Commissioner Michelle Spence-Jones, who is term-limited, will leave her District 5 seat as a popular representative in Miami’s poorest district, which runs from Overtown north though Little Haiti to Liberty City. With redistricting, though, more upscale communities like the Upper Eastside have added needed diversity to District 5.
Voters should be pleased with the qualifications of candidates in this race.
Richard Dunn II, who was appointed to the seat by then-Gov. Charlie Crist for almost two years until Ms. Spence-Jones was cleared of criminal corruption charges, is a pastor who has support from a wide array of elected officials. The Rev. Dunn and Keon Hardemon, an attorney with the public defender’s office and scion to a politically active family, are seen as the two front-runners in this race. Mr. Hardemon also has support from various leaders, including Ms. Spence-Jones.
Robert Malone Jr., an educator, has the backing of various homeowner associations. And then there is Jacqui Colyer, the director of Neighborhood & Community Services for the Children’s Trust. Ms. Colyer, a founding member and past president of the Human Services Coalition/Catalyst Miami, has a long career overseeing programs for neglected or abused children and also served as a director for the Miami-Dade County housing department, as well as chief operations officer for Lockheed Martin’s workforce programs.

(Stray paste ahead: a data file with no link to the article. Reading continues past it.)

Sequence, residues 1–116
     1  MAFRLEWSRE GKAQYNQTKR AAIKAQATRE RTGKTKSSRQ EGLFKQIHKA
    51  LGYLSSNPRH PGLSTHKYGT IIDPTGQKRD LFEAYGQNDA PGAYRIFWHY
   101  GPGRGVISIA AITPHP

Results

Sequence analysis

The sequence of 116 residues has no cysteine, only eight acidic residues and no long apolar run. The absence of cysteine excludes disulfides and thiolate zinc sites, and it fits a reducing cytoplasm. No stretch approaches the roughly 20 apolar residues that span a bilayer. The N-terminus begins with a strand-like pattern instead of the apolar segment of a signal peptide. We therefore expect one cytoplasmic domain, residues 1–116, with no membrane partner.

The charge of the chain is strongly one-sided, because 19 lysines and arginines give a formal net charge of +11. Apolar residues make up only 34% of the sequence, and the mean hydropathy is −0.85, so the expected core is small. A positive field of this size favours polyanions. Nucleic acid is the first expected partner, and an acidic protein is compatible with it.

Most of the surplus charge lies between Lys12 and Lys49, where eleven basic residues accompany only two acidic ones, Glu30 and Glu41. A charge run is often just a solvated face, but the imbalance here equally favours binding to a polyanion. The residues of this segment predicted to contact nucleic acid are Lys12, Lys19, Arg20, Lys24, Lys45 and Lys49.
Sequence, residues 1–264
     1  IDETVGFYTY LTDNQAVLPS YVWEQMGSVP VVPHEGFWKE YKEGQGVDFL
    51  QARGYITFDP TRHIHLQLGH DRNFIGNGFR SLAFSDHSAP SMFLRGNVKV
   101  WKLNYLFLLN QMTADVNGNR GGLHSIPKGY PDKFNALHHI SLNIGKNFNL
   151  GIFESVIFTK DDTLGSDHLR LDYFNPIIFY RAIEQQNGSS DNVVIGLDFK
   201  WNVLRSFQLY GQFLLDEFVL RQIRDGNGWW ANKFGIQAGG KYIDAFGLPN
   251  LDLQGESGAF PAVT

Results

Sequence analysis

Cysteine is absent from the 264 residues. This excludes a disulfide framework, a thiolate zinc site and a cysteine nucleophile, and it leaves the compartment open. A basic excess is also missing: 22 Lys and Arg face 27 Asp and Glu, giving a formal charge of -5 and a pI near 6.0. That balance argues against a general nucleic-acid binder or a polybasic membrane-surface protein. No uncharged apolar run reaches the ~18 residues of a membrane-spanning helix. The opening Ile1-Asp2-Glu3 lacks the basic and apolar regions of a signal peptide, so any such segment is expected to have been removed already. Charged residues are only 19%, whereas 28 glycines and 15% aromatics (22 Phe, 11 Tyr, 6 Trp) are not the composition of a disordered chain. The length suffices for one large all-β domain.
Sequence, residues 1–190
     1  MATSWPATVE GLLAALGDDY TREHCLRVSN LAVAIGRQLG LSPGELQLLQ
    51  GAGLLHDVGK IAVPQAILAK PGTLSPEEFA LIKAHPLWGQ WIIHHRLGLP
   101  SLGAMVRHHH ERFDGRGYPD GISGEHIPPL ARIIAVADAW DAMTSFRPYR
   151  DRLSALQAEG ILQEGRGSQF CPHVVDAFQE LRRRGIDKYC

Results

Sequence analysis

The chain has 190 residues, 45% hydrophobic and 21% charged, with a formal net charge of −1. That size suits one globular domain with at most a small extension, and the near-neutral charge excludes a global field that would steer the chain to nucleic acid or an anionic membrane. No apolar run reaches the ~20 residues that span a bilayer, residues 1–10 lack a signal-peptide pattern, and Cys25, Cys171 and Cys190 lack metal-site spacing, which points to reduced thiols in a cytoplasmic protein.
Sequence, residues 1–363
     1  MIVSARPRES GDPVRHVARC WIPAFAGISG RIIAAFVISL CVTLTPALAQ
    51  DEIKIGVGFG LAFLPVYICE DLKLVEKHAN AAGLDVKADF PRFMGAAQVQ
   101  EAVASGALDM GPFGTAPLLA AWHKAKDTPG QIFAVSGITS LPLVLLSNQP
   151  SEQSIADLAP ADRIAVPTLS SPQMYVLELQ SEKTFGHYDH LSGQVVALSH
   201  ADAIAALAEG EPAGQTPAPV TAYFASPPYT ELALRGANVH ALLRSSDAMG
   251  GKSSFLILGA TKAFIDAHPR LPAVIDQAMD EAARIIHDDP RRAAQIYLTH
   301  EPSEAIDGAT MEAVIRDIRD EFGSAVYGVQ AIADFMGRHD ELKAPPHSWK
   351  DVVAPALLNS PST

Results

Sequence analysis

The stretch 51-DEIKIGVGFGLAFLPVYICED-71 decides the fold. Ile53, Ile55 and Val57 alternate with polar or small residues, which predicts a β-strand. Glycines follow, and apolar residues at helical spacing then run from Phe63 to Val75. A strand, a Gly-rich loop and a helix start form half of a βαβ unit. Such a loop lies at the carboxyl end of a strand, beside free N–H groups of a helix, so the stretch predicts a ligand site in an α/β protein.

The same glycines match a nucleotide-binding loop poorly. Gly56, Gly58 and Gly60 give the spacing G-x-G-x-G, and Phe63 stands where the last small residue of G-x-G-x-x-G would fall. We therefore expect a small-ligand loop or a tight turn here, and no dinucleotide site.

Our choice is Ms. Colyer. She may not have the big money behind her in this race, but she has big ideas to move her district forward.
Ms. Colyer’s background in civic, social and community-service work — and knowledge of operating under tight budgets as a former head of the Department of Children & Families in Miami-Dade — gives her a unique perspective needed on the commission.
Ms. Colyer’s other big plus: She knows procurement rules and is involved in the Good Government Initiative, a program started at the University of Miami by former Miami-Dade Commissioner Katy Sorenson to help newly elected officials understand that ethics in government is not a slogan but a way of life.
Among Ms. Colyer’s priorities for District 5: Pushing for more economic development to create jobs in the district, more public safety initiatives to protect children and families and a “real plan for all of the vacant homes and empty lots that are ever present” in the area. She also wants to make sure that well-off areas in the district are not ignored.
For Miami City Commission, District 5, the Miami Herald recommends JACQUI COLYER.